To culminate the month-long celebration, the organization plans to put together a car parade of sorts. Like the drive-by congratulations of birthdays and graduations seen throughout the pandemic – a way to unite in the festivities while honoring the social distancing guidelines – Fresno Rainbow Pride will create a similar moment for the occasion. Participants are encouraged to decorate their cars as wildly and, as Robinson says, “as fabulously,” as possible. The organization will film the event for release on their social media accounts. Details on when and where it all takes place are to be determined. Interested parties can follow Fresno Rainbow Pride online for updates as things progress.
For those looking to fill their season with even more Pride, Robinson also hosts a monthly radio show. ‘It’s a Queer Thang’ airs every third Friday from 5 pm – 6 pm on 88.1FM (also available to live stream on www.KFCF.org). This month’s show is dedicated to Pride and will not only cover the work Fresno Rainbow Pride has been doing in Fresno but others around the globe. A notable mention is the Global Pride virtual event taking place on Saturday, June 27.
“Pride organisations from across the world will celebrate Global Pride 2020. With musical and artistic performances, speeches from activists and campaigners, and addresses by public figures, we will stream 24 hours of content that reflects and celebrates the beautiful diversity of LGBTI+ people everywhere.” (Quoted from their website, www.GlobalPride2020.org)
The June episode of ‘It’s a Queer Thang,’ unlike the Fresno Rainbow Pride virtual events, is only available live when it airs. Due to copyright licenses for the music played during the show, the episode will not see a repeat broadcast. Listeners will have to tune-in at the exact time to catch the show or risk missing the experience altogether. However, the radio show does run all year round and continues to discuss a variety of topics related to the LGBTQ community. Recent episodes have mainly geared towards the COVID-19 pandemic. Discussions include organizations that have shifted their service delivery, highlights of virtual support groups, and how people can stay connected during this time. But the general conversation remains around a constant theme.
“We like to say, it’s always good queer talk, music, news, and events,” shares Robinson.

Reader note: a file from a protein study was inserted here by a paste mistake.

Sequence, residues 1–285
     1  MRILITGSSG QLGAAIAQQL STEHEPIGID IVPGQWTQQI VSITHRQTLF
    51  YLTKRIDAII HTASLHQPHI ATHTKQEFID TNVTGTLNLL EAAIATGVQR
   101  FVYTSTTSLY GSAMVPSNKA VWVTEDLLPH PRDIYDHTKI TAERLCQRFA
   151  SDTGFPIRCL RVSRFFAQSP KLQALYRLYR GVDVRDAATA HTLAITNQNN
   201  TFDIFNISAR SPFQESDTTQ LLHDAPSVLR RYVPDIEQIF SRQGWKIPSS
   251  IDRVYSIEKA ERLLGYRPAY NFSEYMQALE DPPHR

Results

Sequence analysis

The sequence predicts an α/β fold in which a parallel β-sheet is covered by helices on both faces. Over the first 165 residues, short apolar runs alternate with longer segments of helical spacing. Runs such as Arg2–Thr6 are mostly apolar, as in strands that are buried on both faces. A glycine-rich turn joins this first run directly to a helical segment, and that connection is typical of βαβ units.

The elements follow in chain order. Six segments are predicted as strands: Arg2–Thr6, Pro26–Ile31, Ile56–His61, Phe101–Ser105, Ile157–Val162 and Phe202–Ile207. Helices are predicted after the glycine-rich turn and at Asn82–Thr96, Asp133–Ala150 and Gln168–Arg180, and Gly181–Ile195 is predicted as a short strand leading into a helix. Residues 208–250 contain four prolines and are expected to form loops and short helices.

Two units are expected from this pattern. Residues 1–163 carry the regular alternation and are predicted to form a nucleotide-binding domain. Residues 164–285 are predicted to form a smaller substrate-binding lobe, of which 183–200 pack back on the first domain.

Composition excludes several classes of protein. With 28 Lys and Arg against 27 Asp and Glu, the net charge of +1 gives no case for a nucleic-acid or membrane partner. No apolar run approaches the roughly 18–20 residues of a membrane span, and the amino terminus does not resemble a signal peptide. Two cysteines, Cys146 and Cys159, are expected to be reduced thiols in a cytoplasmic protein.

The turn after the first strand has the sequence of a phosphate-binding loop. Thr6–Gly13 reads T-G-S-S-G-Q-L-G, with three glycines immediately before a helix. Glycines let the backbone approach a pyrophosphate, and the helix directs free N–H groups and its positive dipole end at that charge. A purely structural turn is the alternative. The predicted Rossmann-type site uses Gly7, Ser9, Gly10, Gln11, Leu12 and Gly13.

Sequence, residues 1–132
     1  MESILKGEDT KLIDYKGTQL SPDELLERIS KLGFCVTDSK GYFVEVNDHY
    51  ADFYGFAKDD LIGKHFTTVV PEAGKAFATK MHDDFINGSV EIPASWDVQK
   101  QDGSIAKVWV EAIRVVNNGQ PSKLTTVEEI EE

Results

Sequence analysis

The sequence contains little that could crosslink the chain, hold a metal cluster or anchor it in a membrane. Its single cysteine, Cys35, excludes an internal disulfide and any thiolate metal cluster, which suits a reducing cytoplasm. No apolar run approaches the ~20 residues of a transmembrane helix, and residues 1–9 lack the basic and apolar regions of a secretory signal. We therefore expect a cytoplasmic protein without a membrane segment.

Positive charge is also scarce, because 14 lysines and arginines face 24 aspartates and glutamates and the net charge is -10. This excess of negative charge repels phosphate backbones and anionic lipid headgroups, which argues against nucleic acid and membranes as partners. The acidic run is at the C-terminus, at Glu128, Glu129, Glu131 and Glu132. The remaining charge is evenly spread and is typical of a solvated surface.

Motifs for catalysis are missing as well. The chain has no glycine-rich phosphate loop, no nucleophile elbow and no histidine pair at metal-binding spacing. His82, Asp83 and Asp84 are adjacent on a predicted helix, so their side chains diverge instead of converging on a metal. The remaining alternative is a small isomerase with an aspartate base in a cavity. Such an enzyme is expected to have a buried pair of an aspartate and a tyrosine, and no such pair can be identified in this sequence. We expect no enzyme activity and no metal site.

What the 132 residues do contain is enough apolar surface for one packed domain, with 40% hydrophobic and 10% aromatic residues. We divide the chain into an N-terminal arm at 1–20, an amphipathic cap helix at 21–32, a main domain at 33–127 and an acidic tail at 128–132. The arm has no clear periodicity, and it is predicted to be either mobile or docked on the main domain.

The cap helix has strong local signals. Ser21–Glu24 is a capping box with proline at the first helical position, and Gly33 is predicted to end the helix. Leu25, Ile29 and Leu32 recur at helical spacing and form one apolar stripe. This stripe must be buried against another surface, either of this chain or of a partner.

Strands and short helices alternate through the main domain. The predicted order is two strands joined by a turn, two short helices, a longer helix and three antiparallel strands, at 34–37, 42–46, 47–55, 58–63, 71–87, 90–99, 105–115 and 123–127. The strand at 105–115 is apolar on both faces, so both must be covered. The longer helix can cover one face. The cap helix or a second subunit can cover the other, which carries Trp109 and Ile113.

Fresno Rainbow Pride also has projects in the works that continue throughout the year, beyond the annual Pride celebration, such as the Oral History project under the larger Qistory umbrella. ‘Qistory’ (queer history) seeks to document, record, store, and preserve the LGBTQ history in Fresno and the Central Valley. The Oral History project revolves around recording individual testimonies on personal experiences in the community. Stories such as those from the elderly about their lives as a queer person in the Central Valley throughout the decades.
Just before the stay-at-home orders swept through the state, Fresno Rainbow Pride partnered with StoryCorps, a non-profit organization whose mission is “to preserve and share humanity’s stories in order to build connections between people and create a more just and compassionate world,” to record numerous testimonies. Residents may remember a stylish airstream trailer parked outside of CMAC’s building in downtown Fresno earlier this year – that was StoryCorps’ traveling recording studio. Robinson and other organizers worked with the non-profit to coordinate and record several stories from members of the LGBTQ community, growing the Oral History library.
“StoryCorps said they had not [seen] that large of a response in their travels and were really impressed at the turnout. We pushed hard to the community [that they] needed to take part in this,” Robinson furthers.
Those recordings will live in not only the Qistory archives, but also the Library of Congress, where StoryCorps collections will become a permanent part of American history. Stories are also available on their website, www.StoryCorps.org.
And Fresno Rainbow Pride is still looking for contributions from the public. Currently, concerning safe practices during the pandemic, recordings of personal testimony are on pause. However, Qistory also seeks to preserve items that speak to the culture of the LGBTQ community. Things such as business cards from a gay business, ashtrays, matchbooks, or shot glasses bearing a gay bar or club’s logo on it, political buttons, fliers, posters, ads, love letters between couples in a long-lasting relationship – “literally anything” as Robinson says. The organization wishes to add these materials to its archives for future display. Anyone unsure that an item qualifies or has questions about how to submit an object, email email@example.com for more information.
While the traditional celebration of Pride may not be available this year, organizations across cities, states, and even the world are finding ways to continue honoring it – both during the season and all year long. Pride may be in an intermission, but it is certainly not forgotten.
Follow Fresno Rainbow Pride on social media for more information and to stay updated on everything they’re working on: @pride_fresno on Twitter, @fresno_rainbow_pride on Instagram, and Fresno Rainbow Pride Parade and Festival on Facebook.